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Article of the month: Risk of metastatic disease on 68-gallium‐prostate‐specific membrane antigen PET/CT scan for primary staging of 1253 men at the diagnosis of PCa


Every month, the Editor-in-Chief selects an Article of the Month from the current issue of BJUI. The abstract is reproduced below and you can click on the button to read the full article, which is freely available to all readers for at least 30 days from the time of this post.

In addition to the article itself, there is an editorial  and a video prepared by the authors. These are intended to provoke comment and discussion and we invite you to use the comment tools at the bottom of each post to join the conversation. 

If you only have time to read one article this month, it should be this one.

Risk of metastatic disease on 68Gallium‐prostate‐specific membrane antigen positron emission tomography/computed tomography scan for primary staging of 1253 men at the diagnosis of prostate cancer

John W. Yaxley*†‡, Sheliyan Raveenthiran†‡, François-Xavier Nouhaud‡§, Hemamali Samaratunga†¶, William J. Yaxley†‡, Geoff Coughlin*, Anna J. Yaxley**, Troy Gianduzzo††, Boon Kua‡‡, Louise McEwan‡‡ and David Wong‡‡


*Wesley Urology Clinic, Department of Medicine, University of Queensland, Royal Brisbane and Women’s Hospital, Brisbane, Queensland, Australia, §Department of Urology, Rouen University Hospital, Rouen, France, Aquesta Uro-pathology, **School of Medicine, Griffith University, ††Brisbane Prostate Clinic, and ‡‡Wesley Medical Imaging, Brisbane, Queensland, Australia

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To determine the number of men with 68gallium‐prostate‐specific membrane antigen positron emission tomography/computed tomography (68Ga‐PSMA PET/CT) avid metastasis at diagnosis, as most data on 68Ga‐PSMA PET/CT are for the evaluation of recurrent disease after primary treatment and to our knowledge this study is the largest series of primary prostate cancer staging with 68Ga‐PSMA PET/CT.

Patients and Methods

A retrospective review conducted on 1253 consecutive men referred by urologists or radiation oncologists to our tertiary referral centre for 68Ga‐PSMA PET/CT scan for staging at the initial diagnosis of prostate cancer between July 2014 and June 2018.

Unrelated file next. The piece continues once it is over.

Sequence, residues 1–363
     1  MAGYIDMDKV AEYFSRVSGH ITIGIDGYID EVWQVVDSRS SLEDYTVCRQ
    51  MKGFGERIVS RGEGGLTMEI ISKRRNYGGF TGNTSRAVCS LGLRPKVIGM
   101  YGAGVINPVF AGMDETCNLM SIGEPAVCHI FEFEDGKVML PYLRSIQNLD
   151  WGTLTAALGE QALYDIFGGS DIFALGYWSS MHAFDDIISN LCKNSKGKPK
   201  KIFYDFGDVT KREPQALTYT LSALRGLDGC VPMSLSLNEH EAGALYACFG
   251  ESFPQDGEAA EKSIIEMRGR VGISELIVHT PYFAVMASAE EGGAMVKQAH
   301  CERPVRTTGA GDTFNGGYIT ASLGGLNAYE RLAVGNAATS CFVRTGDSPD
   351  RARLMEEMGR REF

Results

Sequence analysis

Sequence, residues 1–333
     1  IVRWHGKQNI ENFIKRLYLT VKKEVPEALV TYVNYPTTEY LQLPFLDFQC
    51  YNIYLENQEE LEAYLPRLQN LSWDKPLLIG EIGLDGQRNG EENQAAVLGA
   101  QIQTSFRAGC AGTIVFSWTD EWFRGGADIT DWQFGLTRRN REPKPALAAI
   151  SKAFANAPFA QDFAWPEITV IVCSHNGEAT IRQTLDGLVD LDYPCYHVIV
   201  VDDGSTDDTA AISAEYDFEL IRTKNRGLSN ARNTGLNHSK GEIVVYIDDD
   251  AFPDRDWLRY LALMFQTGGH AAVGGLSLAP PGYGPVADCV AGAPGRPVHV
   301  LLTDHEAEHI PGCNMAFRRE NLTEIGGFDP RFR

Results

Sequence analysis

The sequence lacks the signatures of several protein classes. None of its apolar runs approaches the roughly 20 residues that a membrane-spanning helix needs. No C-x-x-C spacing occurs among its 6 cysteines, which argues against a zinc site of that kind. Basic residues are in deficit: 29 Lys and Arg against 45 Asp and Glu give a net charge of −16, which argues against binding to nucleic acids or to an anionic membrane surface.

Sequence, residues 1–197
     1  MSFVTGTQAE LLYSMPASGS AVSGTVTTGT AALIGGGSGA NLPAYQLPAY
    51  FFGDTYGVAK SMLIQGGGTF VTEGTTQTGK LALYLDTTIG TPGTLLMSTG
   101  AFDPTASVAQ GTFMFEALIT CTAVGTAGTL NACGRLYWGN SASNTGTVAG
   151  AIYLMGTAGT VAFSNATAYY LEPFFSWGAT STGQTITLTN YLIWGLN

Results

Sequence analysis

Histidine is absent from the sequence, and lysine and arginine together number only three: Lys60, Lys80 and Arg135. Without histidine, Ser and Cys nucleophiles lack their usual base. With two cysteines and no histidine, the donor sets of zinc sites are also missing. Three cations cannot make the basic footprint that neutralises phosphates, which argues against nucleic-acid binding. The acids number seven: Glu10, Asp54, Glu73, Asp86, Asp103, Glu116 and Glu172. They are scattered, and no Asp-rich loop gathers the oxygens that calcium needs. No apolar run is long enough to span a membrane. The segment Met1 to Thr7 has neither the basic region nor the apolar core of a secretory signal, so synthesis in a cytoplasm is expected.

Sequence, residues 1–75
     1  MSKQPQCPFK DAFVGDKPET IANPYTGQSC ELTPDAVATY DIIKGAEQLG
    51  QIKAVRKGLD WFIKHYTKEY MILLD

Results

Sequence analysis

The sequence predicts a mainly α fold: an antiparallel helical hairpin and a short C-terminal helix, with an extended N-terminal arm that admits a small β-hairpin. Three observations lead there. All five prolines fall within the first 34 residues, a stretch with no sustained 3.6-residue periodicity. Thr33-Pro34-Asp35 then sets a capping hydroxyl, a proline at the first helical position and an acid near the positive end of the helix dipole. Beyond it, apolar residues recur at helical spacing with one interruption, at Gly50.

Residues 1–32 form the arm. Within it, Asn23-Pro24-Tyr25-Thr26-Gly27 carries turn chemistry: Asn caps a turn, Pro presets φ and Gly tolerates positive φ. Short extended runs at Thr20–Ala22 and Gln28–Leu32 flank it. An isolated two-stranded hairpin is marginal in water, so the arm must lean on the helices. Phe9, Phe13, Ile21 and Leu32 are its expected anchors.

The primary outcome measure was to determine the risk of metastasis based on 68Ga‐PSMA PET/CT. Patients were risk stratified based on histological biopsy International Society of Urological Pathology (ISUP) grade, prostate‐specific antigen (PSA) level, and staging with pre‐biopsy multiparametric magnetic resonance imaging (mpMRI). Univariate and multivariate logistic regression were used to analyse results.

Fig.1. Location of avid lymph node metastases


The median PSA level was 6.5 ng/mL and median ISUP grade was 3, with high‐risk disease in 49.7%. The prostate primary was PSMA avid in 91.7% of men. Metastatic disease was identified in 12.1% of men, including 8.2% with a PSA level of <10 ng/mL and 43% with a PSA level of >20 ng/mL. Metastases were identified in 6.4% with ISUP grade 2–3 and 21% with ISUP grade 4–5. Pre‐biopsy mpMRI identified metastasis in 8.1% of T2 disease, increasing to 42.4% of T3b. Lymph node metastases were suspected in 107 men, with 47.7% outside the boundaries of an extended pelvic lymph node dissection. Skeletal metastases were identified in 4.7%. In men with intermediate‐risk prostate cancer, metastases were identified in 5.2%, compared to 19.9% with high‐risk disease.


These results support the use of 68Ga‐PSMA PET/CT for primary staging of prostate cancer. Increasing PSA level, ISUP grade and radiological staging with mpMRI were all statistically significant prognostic factors for metastasis on both univariate and multivariate analysis.

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